- Walk down any street in the city and you’ll find a vendor selling these iconic street foods, but are they good for you?
- Moderation is the key to enjoying these local delights
Take a short walk anywhere in Hong Kong, and it’s almost impossible not to run into a stall selling curry fish balls and siu mai, the popular steamed dumpling usually made with pork, shrimp, mushroom or fish paste.
But how nutritious are they? Michelle Lau, a registered dietitian nutritionist and founder of nutrition consultancy Nutrilicious, told Young Post all about our favourite snacks.
An iconic Hong Kong street food, curry fish balls are cooked in an aromatic sauce and served on a skewer.
Originally from the Chiu Chow and Fujian provinces, fish balls have been a popular dish in Southern China since the Qing dynasty. In Hong Kong, these delectable, bouncy snacks were originally served Chiu Chow style – white, boiled and in noodle soup. The dish eventually took on its own unique personality when local hawkers began serving them with curry sauce.
In the past, fish balls were made of fish that were once widely available in Hong Kong waters. It created the unique taste, elasticity and tenderness of the fish ball.
These days, most fish ball manufacturers use surimi – a fish paste consisting of cheap fish such as pollack – as well as sugar and chemical enhancers. These are then sold to street food vendors who drizzle their in-house curry sauce over the fried fish balls.
But how do curry fish balls fit into our diet?
Fish is an excellent source of high quality protein and omega-3 fatty acid, which helps lower the risk of heart disease and stroke. It also contains iodine, selenium, calcium, iron and vitamins A and D.
Every 100 grams of fish balls – about 10 pieces – contain 130 calories, 16 grams of carbohydrates, 8.7 grams of protein and 2.8 grams of fat. But the curry sauce adds quite a bit more sodium, calories and fat.
However, it isn’t all bad if the curry is prepared with a generous amount of turmeric – a yellow spice packed with curcumin, a powerful antioxidant with anti-inflammatory properties that aid digestion and promote heart health.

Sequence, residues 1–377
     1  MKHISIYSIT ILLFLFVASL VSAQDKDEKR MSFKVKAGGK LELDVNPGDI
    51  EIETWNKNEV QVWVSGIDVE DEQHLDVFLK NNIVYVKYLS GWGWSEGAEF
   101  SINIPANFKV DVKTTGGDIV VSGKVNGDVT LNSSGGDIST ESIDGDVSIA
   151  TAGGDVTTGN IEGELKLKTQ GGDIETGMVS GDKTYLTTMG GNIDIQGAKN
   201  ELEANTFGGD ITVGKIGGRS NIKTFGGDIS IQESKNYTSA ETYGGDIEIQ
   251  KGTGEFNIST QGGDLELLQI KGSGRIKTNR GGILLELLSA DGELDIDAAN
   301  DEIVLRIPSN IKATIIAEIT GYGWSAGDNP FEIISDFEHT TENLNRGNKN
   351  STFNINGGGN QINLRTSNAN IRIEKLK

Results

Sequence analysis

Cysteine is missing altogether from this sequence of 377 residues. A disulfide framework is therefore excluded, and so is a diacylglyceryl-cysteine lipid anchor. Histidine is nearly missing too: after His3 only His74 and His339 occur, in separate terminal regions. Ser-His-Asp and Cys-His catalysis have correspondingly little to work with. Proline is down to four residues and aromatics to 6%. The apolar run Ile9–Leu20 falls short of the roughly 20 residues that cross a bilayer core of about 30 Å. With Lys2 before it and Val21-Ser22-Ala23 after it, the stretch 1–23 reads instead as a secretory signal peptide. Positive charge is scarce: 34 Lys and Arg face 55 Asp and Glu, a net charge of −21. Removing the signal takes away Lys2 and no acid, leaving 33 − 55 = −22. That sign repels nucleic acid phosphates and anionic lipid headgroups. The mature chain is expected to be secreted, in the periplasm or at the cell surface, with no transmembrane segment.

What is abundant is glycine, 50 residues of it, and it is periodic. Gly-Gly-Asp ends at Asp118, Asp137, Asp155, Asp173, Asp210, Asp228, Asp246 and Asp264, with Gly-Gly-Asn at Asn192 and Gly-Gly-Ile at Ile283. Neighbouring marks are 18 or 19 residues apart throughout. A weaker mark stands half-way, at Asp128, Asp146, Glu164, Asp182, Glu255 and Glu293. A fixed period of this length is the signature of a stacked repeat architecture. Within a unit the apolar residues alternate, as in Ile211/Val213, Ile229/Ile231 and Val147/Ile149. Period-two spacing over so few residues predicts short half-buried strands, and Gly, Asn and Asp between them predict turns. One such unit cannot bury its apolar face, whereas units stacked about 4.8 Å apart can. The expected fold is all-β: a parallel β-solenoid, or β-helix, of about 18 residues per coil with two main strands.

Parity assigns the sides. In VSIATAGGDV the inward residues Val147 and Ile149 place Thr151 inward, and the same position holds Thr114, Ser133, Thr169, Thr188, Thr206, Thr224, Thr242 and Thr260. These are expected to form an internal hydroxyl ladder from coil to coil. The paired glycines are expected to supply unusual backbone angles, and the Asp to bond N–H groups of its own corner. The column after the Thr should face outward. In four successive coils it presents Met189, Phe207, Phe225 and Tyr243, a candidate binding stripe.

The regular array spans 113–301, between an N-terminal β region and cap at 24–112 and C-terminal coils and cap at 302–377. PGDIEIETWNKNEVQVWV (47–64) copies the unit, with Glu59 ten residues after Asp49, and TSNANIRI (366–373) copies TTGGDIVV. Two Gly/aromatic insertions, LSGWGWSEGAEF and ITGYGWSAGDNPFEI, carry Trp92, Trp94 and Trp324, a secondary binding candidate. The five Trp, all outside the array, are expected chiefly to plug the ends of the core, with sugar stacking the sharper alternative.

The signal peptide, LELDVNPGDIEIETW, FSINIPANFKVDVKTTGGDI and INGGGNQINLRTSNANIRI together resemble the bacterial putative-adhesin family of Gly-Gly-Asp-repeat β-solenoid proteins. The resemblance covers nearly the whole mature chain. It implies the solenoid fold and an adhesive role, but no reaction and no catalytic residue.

Let’s move on to the quintessential street food version of a dim sum favourite – fish siu mai.
There are different varieties of siu mai around the world, with each of them adopting different meats and spices. According to several historical records, siu mai originated from Hohhot, the capital of the Chinese autonomous region of Inner Mongolia. They were staples at tea joints where travellers crossing the Silk Road would grab one or two to pair with a hot mug of Mongolian milk tea. The snack became so popular that they were all snapped up, and thus were named “siu mai”, meaning “hot items”.
In Hong Kong, some vendors like to deep-fry them and sprinkle salt and pepper on top. Siu mai usually have a chewy filling made of a blend of pork and fish, which is encased in a yellow wrapping. It can be easy to polish off a seven-piece serving of these bite-sized delights in one go.
The dish contains a high amount of salt, sugar, as well as colouring, flavourings and emulsifiers. Seven pieces would add about 300 calories to your daily intake.
While it seems like these snacks are sure to wreak havoc on your health, don’t put them off just yet.
The secret to enjoying them is portion control. Instead of cleaning off an entire bowl of six curry fish balls, have three pieces and go easy on the curry. Then, save the fish siu mai for another day.
Bear all these things in mind, and you can still enjoy these delicious street foods without worrying about how it will affect your health.
Click here to download a printable worksheet with questions and exercises about this story. Answers are on the second page of the document.